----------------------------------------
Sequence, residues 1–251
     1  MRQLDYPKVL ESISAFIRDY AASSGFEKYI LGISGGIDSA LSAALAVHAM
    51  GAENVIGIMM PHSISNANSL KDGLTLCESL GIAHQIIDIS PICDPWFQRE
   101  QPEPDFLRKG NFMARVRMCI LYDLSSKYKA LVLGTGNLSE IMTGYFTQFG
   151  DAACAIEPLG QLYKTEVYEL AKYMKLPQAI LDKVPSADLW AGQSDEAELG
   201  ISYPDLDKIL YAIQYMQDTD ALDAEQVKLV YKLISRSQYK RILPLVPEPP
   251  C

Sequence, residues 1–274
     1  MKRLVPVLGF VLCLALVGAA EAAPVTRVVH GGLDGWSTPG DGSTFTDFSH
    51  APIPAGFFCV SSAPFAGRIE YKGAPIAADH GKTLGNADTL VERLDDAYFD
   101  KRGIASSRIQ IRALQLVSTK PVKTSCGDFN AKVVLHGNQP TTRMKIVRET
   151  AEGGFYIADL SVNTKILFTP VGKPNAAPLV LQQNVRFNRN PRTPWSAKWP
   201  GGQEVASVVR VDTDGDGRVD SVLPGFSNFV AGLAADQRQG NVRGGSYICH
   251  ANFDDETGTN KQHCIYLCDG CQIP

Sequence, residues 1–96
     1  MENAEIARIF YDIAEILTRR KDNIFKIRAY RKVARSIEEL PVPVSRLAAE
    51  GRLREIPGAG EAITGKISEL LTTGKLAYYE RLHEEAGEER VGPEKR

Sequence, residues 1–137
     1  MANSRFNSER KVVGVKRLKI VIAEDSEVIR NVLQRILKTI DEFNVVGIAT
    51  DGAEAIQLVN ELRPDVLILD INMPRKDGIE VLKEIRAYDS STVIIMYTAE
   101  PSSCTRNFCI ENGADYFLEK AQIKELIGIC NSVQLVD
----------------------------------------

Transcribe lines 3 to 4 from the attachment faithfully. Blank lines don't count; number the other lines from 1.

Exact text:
    51  GAENVIGIMM PHSISNANSL KDGLTLCESL GIAHQIIDIS PICDPWFQRE
   101  QPEPDFLRKG NFMARVRMCI LYDLSSKYKA LVLGTGNLSE IMTGYFTQFG